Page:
Shore J, Hutchison MG, Nalder E, et al. Tele-Active Rehabilitation for adolescents with concussion: a feasibility study. 


Tell us more about yourself and the author team

I am a kinesiologist by training. Kinesiologists are healthcare professionals who apply principles of exercise science in the assessment and rehabilitation of human movement, health promotion, and healthy lifestyle management. I am specifically interested in active rehabilitation approaches for concussion and health technology innovation. This study was part of my master’s research in the Rehabilitation Sciences Institute and OAK Concussion Lab at the University of Toronto. The OAK Concussion Lab conducts research related to concussion outcomes, advocacy, and knowledge. You can learn more about our research at https://oakconcussionlab.weebly.com/. My research supervisors, Dr. Nick Reed and Dr. Anne Hunt are faculty members in the Department of Occupational Science and Occupational Therapy at the University of Toronto and adjunct scientists within the Bloorview Research Institute at Holland Bloorview Kids Rehabilitation Hospital. As occupational therapists, they are dedicated to supporting youth to do the things they need, want and love to do in their lives. This research was also supported by Dr. Emily Nalder, Assistant Professor in the Department of Occupational Science and Occupational Therapy and Dr. Michael Hutchison, Associate Professor in the Faculty of Kinesiology and Physical Education at the University of Toronto.



What is the story behind your study?

Our team has contributed to research demonstrating the benefits of an active rehabilitation approach for adolescents with concussion involving subsymtom threshold exercise (i.e., below the level that produces symptom provocation) combined with education and support for returning to activity. Research conducted by our group and others has shown that active rehabilitation improves recovery for adolescents with concussion by reducing symptoms, improving mood, and facilitating engagement in meaningful activity. This type of active rehabilitation program has typically been delivered via weekly in-person appointments for re-assessment and program progression. Unfortunately, many families have difficulty attending in-person sessions due to a lack of specialty services in their region and financial or logistical challenges preventing parental accompaniment. This led us to explore the feasibility of a remotely delivered “Tele-Active Rehabilitation” intervention. Our hope is that this approach could help enable access to care that supports recovery and return to activity among adolescents with concussion.


In your own words, what did you find?

Among our small sample of adolescents, we found that the Tele-Active Rehabilitation intervention was a safe and feasible approach. We looked at several metrics that indicated the intervention was feasible, including adherence to the program, usability of the telehealth platform, and adolescent and parent satisfaction with the program. We also found that the adolescents who participated in the program reported reductions in post-concussion symptoms, more positive injury perceptions (how they think and feel about their injury) and improvements in perceived occupational performance (a measure of performance in everyday activities) compared to before they started the program. These are promising results which we believe to support further study of the Tele-Active Rehabilitation intervention and other telehealth interventions for pediatric concussion.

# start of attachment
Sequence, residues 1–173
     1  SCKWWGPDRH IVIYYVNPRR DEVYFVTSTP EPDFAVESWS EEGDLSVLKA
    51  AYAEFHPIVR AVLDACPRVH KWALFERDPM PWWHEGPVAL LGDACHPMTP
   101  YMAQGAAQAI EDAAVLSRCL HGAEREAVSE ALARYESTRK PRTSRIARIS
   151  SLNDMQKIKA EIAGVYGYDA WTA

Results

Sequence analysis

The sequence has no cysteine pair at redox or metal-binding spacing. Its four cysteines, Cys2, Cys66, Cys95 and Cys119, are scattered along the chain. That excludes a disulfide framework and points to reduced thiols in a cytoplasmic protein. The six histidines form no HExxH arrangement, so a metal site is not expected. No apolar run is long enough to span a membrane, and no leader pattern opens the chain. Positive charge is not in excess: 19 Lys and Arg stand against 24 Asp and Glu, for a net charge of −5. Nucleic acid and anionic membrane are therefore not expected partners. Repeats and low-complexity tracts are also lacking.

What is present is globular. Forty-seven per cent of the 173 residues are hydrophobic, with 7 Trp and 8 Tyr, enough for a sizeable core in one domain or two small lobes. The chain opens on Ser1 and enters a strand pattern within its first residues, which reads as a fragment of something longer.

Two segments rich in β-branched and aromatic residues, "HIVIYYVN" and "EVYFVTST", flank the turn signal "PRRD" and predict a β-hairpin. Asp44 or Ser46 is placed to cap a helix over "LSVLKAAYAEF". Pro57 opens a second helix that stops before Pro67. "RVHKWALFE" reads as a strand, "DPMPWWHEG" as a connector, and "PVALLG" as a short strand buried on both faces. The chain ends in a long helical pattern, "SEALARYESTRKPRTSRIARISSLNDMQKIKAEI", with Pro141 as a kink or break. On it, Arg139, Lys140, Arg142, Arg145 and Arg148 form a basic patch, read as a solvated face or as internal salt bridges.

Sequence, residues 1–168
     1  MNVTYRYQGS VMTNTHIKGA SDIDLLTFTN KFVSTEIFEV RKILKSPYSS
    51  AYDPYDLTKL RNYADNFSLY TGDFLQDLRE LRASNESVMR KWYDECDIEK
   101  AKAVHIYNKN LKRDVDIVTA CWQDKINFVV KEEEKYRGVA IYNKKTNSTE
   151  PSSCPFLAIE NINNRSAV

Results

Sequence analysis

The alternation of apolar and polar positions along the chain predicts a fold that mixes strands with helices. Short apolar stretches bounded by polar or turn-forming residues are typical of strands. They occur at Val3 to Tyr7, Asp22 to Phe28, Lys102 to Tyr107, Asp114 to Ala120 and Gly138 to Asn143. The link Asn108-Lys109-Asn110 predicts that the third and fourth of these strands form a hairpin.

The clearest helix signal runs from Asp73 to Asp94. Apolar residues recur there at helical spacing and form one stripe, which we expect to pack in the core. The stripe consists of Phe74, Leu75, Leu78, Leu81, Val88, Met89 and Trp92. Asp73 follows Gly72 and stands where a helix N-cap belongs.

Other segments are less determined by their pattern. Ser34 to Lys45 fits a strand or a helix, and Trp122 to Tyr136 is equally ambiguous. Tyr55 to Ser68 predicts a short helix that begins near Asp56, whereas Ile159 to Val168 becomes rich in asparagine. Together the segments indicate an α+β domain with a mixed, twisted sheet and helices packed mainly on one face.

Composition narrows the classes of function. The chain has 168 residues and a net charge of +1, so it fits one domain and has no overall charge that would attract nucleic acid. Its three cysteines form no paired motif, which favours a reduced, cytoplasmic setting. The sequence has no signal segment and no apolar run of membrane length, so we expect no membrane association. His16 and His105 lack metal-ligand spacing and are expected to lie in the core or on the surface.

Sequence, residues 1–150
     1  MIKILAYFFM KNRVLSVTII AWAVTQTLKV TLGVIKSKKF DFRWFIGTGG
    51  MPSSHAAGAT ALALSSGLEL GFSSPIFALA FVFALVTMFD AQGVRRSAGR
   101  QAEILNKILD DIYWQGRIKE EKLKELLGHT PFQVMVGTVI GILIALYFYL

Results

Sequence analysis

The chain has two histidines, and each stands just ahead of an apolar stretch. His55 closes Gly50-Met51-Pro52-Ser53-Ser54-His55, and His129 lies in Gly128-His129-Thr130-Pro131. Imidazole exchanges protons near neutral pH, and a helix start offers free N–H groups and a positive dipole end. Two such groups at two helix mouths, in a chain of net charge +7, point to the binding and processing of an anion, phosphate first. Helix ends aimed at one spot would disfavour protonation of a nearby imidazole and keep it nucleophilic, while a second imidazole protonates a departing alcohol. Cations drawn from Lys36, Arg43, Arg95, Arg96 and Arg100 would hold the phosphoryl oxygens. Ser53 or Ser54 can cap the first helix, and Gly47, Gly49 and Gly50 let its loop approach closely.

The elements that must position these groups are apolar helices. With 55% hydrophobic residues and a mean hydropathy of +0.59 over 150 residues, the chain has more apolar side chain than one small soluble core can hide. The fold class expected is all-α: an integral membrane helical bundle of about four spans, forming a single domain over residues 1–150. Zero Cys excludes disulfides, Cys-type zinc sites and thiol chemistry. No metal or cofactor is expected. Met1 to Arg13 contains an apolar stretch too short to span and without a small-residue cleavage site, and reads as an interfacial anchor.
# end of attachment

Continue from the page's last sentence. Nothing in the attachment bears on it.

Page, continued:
What was the main challenge you faced in your study?

Recruiting participants for a research study is always a challenge. Our study took place during the early stages of the COVID-19 pandemic (May 2020–March 2021) when lockdown measures in our jurisdiction included school closures and sports cancellations, which likely impacted recruitment for our study due to fewer opportunities for injury. Although we ended up with a smaller sample size than originally anticipated, we are pleased that our results are similar to previous studies of in-person active rehabilitation programs, and we believe this initial study provides important preliminary evidence to guide the design of future larger studies.


If there is one take home message from your study, what would that be?

We would like readers to know that telehealth is emerging as a viable option for concussion rehabilitation, which may be particularly beneficial for people who are unable to attend regular in-person sessions. Results from our study and work from other groups highlight the potential for telehealth approaches that support adolescents with concussion to safely monitor and progress exercise in the home environment. We would also like to emphasize the importance of looking beyond only symptoms to also assess how concussion is affecting an adolescent’s ability to participate in meaningful activity. Understanding their ongoing symptoms and resulting activity limitations is key to tailoring a comprehensive active rehabilitation approach that involves both exercise and tailored recovery strategies to help adolescents get better quicker and return to the activities that are important to them.

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